The Yadus or Yadavas had been one of the five Janas of the ancient India. They played an important part in the field of culture, religion, philosophy, history and development of the sub-continent. They gave thinkers like Yadu, Krishna, his philosophy of Gita, of action and devotion; Neminatha, the twenty-second tirthankara of the Jainas; mighty empires, new pastures upto the Central Asia for the advancement of religion, culture and arts. They carried the vedic ideology and culture to the farthest point of South India. They contributed significantly to the cultural advancement of the North equally, patronised art and culture, defended the country from the foreign onslaughts and established republican system of governance much before the Greeks. They constructed strong forts magnificent palaces, places of worship, canals, dams and roads founded cities and capitals, cultivated new pastures and introduced a system of agriculture and animal husbandry. They were the defenders of various faiths and the country.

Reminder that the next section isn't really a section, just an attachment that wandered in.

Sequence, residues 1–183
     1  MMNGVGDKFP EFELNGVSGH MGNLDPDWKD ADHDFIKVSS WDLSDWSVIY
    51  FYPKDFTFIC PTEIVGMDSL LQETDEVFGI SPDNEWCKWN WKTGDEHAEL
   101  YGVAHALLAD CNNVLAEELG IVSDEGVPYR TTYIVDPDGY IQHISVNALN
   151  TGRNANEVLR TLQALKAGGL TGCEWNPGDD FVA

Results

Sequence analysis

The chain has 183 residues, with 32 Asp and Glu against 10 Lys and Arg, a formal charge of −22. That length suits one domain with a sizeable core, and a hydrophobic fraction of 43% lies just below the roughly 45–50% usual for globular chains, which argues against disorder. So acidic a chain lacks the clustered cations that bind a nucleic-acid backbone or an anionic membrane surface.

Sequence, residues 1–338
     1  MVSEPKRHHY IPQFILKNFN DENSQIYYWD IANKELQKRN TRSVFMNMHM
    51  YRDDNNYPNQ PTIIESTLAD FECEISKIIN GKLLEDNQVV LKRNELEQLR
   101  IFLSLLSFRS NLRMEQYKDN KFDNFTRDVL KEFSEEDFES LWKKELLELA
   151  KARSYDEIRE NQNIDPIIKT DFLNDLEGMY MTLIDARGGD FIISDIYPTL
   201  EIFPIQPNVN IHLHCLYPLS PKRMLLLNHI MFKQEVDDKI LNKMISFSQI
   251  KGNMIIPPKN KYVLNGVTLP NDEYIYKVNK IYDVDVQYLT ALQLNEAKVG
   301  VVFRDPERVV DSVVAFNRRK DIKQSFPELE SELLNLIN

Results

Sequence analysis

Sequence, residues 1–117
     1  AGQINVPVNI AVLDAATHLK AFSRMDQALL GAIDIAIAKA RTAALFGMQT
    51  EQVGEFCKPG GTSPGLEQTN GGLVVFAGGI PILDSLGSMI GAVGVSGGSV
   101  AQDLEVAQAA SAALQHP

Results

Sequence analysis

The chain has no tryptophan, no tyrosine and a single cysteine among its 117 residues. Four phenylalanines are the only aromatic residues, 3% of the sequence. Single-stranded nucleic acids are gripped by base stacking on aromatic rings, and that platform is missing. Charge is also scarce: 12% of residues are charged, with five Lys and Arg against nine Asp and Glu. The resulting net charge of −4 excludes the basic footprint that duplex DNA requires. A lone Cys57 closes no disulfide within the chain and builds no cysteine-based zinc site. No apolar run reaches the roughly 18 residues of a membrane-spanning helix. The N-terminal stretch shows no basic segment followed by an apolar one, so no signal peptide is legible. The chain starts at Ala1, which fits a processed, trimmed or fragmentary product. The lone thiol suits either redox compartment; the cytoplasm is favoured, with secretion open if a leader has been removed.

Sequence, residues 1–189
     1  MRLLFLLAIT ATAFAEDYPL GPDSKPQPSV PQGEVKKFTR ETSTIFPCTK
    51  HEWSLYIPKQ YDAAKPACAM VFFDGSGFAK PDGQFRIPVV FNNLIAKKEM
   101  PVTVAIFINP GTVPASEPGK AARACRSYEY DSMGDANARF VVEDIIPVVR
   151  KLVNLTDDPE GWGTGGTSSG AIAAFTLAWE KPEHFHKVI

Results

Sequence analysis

The Yadavas have been known by different nominatures or sub-names, such as Cholas, Cheras, Haihayas, Satvatas, Andhakas, Vrsnis, Tundikeras, Pandyas, Kalacuris, Rastrakutas, Jadejas, Palas, Guptas, Abhiras, Ahiras, Idiyans, Wodeyars, Pallavas, Hoysalas, etc., etc. It has been a riddle for the scholars to recognize all these branches of this great community and to give a comprehensive and connected account of the Yadavas of different regions and times. This study is the first attempt to delineate a comprehensive history of the Yadavas from ancient times up to, the modern period. It is a concentrated effort to trace the historical origin of the Yadavas, their expansion, their place in the polity, society and culture, their contribution to different aspects of socia, cultural and agriculture, political and cultural life and trade and industry of the sub-continent. The author after a deep and concentrated study of the Vedas, the Puranas, the Upanisadas, mythology, history and allied literature has produced this scientific study of a people who constitute the single largest community of India. Though the Yadavas have adopted many religions, and even castes, this study focuses its lens mainly on the Yadavas who are 'Hindus'. The area of the study has been mainly the political boundaries of India, though, at times, these have been crossed whenever it was necessary for the topic. The present work is a pioneer study of the subject and shall inspire scholars to use it as a source and reference book.